Think People Before Thinking Sales

A fundamental aspect of B2B marketing activity is to ensure that when buyer and seller come face-to-face, they are both fully equipped with the information they need to make the most of the first conversation.

For the meeting to be valuable the buyer will have conducted background research to understand how the supplier can meet the scope and specification required, and discovered where added value can be achieved. In addition the seller will have completed research to ensure that they are better informed than the competition, and be able to provide value to the buyer.

The magic dust doesn’t settle there, it happens during the meeting. It is far easier to naturally move the conversation into new and potentially valuable areas through conversation, human contact, invention and creativity during a face-to-face conversation.

It takes the right people, properly informed, in the right place, at the right time to produce the right outcomes for both parties.

During the pandemic, this actual face-to-face interaction ha been extremely restrictive, for obvious reasons, whether it is the most basic thing of conferences, exhibitions and tradeshows being cancelled, or going online for sales demonstrations, it has resulted in the inability of that ‘spark’ to happen. To interact and get together in a setting that creates and encourages novelty innovation and sales success.

The industry has tried many alternatives, digital conferences, virtual networking, remote demonstrations etc. with varying degrees of success, but nothing really replaces the human interaction.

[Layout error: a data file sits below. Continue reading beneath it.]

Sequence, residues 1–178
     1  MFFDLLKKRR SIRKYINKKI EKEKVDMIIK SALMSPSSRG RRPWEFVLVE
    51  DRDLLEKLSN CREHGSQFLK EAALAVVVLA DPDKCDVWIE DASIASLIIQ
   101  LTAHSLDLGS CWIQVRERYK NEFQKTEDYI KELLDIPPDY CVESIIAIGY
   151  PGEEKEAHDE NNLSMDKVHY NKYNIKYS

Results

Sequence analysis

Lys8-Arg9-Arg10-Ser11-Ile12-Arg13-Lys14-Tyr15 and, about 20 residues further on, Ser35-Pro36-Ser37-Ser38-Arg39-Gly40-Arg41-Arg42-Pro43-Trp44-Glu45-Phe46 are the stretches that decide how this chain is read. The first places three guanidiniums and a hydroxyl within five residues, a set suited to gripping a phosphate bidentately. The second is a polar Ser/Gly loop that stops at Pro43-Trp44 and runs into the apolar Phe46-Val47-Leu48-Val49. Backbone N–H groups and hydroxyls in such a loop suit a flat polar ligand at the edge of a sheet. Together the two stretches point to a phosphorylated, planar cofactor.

Also hindered by the lack of international and domestic travel, another key aspect that we have noted is the difference between ‘order takers’, ‘relationship managers’, and actual business development people in the B2B space.

The squeeze really has been on the order takers and the relationship managers. If a business is in a suitably powerful position in the supply chain then just taking orders and matching customer need is fine. However, that has been far from the case, particularly in the energy space, added to which we have the situation where relationship managers find it very difficult to sustain and grow relationships for the reasons already mentioned.

This brings us back to the key area of business development, the actual hard graft of following through on leads, creating opportunities and finding ways of stimulating the growth that ultimately a business needs to succeed. This is hard when it is done in the virtual space, as opposed to when it is done in the actual world. Business development people have had to be extremely resilient and very tough. Despite the great opportunities brought by technology, marketing automation, audience segmentation and direct messaging through LinkedIn it is still very much a huge numbers game.

If you are to support the needs of your business development team then you need to involve them throughout the planning and activation stages. If a campaign is designed to generate qualified leads then you need to ensure that business development is sufficiently equipped to nurture those leads through the buying process. The reassuring conversations that would normally happen between business development and a prospect now happen in the digital world and materials need to be ready to support these conversations when required. This is going to have to develop and it’s not going to be short term.

Do you understand the psyche of your people on the front line? Right now you are supporting your business development colleagues in what is a fundamental aspect of business growth. Think people before thinking sales.

 

About the author

Peter Lyall became a BBN Executive Board Member in 2019. He is a certified management consultant and has taught brand strategy and communications at Henley Business School, Robert Gordon’s University, Aberdeen University and Edinburgh University. His own education includes an MA from Edinburgh University and an award-winning MBA from Henley Business School. In his work with Fifth Ring since 2005, Peter has worked with over 100 companies in the oil and gas sector.

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